April 21, 2015

Indians protest Biloxi "Indians"

Houska: 'I Didn't Know' Doesn't Cut It Anymore

By Tara HouskaI was at the Georgetown waterfront enjoying the sun when I received a message from my friend Sarah Crawford, a citizen of the Sisseton Wahpeton Oyate. The Biloxi High School band from Mississippi was marching in the parade, and every single student was wearing a faux headdress that would be the envy of Coachella. Sarah sent me a video of nearly two hundred students clad in bright red and white headdresses, expressing her shock and discomfort at the display.

Here, in the Nation’s Capital, home of the most prominent Native mascot debate in the country, an entire brigade of high school students proudly wore the embodiment of cultural appropriation. Immediately the question of whether it was intentional came to mind–not one of these students had a fleeting moment of hesitation? Not one envisioned the subsequent petition denouncing their choice of attire?
And:The history of playing Indian in the United States is a long one, harkening back to the days when government-sponsored genocide of Native peoples was the norm. Sentimental racism is difficult for many to let go of; love of team, love of romanticized Native American cultures is far easier to accept than the harsh realities of the historic and ongoing treatment of a people that continue to exist.

But frankly, at this point it’s getting old. Sentimental racism is still racism. With every new appropriation incident, with every new protest or educational event organized by Native communities, it becomes more and more difficult to legitimately claim: “I didn’t know.”
I Am Not Your Mascot, Biloxi!

By Deloria Many Grey HorsesOn Tuesday morning April 13, 2015, I was reading through my newsfeed on Facebook. I came across an Indian Country article on F.A.I.R. Media (Fair Accurate Indigenous Representation). The article featured the Biloxi “Indians” High School marching band from Biloxi, Mississippi wearing headdresses as part of the band uniforms. The band, made up of 81 students, recently preformed in Washington, DC at the National Cherry Blossom Festival. On national television, the entire band performed in Native American Plains-style headdresses.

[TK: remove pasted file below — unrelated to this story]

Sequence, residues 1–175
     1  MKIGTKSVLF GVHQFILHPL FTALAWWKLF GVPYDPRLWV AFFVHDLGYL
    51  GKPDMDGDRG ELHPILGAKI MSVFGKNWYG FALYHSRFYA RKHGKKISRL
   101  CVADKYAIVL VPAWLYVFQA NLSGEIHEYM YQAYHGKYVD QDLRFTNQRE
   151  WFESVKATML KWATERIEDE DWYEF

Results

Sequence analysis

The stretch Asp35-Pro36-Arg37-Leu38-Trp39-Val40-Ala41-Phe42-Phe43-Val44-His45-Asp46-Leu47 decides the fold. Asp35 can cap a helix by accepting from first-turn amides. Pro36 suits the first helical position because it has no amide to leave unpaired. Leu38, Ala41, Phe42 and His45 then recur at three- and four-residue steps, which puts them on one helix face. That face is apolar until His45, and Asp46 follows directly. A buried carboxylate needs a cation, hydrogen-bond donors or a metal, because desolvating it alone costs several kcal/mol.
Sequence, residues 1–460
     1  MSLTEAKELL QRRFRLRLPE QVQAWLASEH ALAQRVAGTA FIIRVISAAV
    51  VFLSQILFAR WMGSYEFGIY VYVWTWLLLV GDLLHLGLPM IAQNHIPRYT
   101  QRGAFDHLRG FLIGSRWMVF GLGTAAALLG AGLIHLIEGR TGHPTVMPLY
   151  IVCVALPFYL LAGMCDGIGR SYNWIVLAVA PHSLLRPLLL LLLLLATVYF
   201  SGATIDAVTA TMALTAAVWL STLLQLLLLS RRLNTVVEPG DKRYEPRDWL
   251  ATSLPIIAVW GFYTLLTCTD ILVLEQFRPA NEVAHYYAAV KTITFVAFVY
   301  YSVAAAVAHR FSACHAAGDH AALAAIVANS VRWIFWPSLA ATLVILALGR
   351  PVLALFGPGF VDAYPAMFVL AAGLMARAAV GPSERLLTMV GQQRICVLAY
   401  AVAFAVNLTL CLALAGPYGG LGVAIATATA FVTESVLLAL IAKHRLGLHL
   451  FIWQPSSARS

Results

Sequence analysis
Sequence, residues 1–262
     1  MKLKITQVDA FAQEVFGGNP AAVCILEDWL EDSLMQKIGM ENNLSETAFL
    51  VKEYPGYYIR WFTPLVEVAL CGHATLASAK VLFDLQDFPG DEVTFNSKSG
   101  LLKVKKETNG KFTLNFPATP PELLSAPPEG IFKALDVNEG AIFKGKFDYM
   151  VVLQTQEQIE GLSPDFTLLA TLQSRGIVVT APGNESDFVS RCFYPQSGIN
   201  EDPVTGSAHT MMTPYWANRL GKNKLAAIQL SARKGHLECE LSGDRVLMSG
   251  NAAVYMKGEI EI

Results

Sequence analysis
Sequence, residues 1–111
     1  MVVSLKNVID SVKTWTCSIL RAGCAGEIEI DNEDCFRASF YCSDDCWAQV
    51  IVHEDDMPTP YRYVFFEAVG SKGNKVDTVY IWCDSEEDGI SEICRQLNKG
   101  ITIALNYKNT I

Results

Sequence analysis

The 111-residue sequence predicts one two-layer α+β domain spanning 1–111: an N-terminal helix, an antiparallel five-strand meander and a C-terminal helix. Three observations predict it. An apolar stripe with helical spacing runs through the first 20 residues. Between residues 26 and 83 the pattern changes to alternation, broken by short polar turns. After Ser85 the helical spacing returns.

I remember taking a deep breath as my heart sank into my stomach. As an Indigenous woman from the Blackfoot Confederacy, Chickasaw, and Yankton Sioux Nations I have experienced racism first hand. I am visibly First Nations/Native American and I also carry my maternal grandfather’s last name Many Grey Horses. As a child, I was teased for being a "dirty squaw" and told to get back to the reserve where I belonged. As a child in elementary school it was hard not to internalize these hateful remarks from peers and adults. Research has shown racism is a learned behavior from birth to the teenage years. My peers didn’t just wake up one day and say, “I’m going to be a racist.” Rather, the most likely place where they learned racism—consciously and unconsciously—is in their homes. I recall feeling isolated, dreading the first day of class each year just because I knew the teachers would be calling out our last name. I always felt targeted for being different. I saw the subtle dirty looks directed at my appearance, coming from peers and even teachers. The unspoken message came across loud and clear: That my Nativeness does not have a place in the aesthetic of colonialism.
And:My struggles in life motivated me to stand up to Biloxi High School. I reposted the article and a community leader whom I greatly respect encouraged me to call the school to make a complaint. Although, the school did not answer any of my calls I was able to leave a complaint with the Biloxi Superintendent's office. I thought to myself, “Why stop here?” With the help of a fellow Berkeley alum and another community advocate, I started a petition on Change.org requesting Biloxi to please change their band uniform and mascot.

Within four days, we got over 500 signatures. People across Turtle Island who are just as passionate on the subject took to social media and help raise awareness about the petition. I was pleased with the support the petition was getting, so I shared an update on my Facebook page yesterday. Within a few hours I received an email from Facebook stating that I had been reported for using a fake name and my account was temporarily shut down. I had to provide a government-issued ID in order to have my account reactivated.

Biloxi High School Alumni are defending themselves by stating they are "honoring" Native Americans—when it appears they are simply "playing Indian," something that doesn't honor us at all. The available research on the history on the Biloxi Tribe reveals that the majority of the Biloxi Nation was decimated by the chicken pox epidemic in the 1800s and then the remaining members were forcibly removed to Missouri. The Biloxi language is extinct and their traditional headdress is not the Northern Plains style headdress.

So I would suggest to the Biloxi Alumni that if you're talking about honoring or respecting the Biloxi Tribe, please show respect to the actual traditions of the Biloxi Tribe.
Comment:  For more on Biloxi High School, see Biloxi Indians Learn They're Offensive and Biloxi High School Stereotypes Indians.

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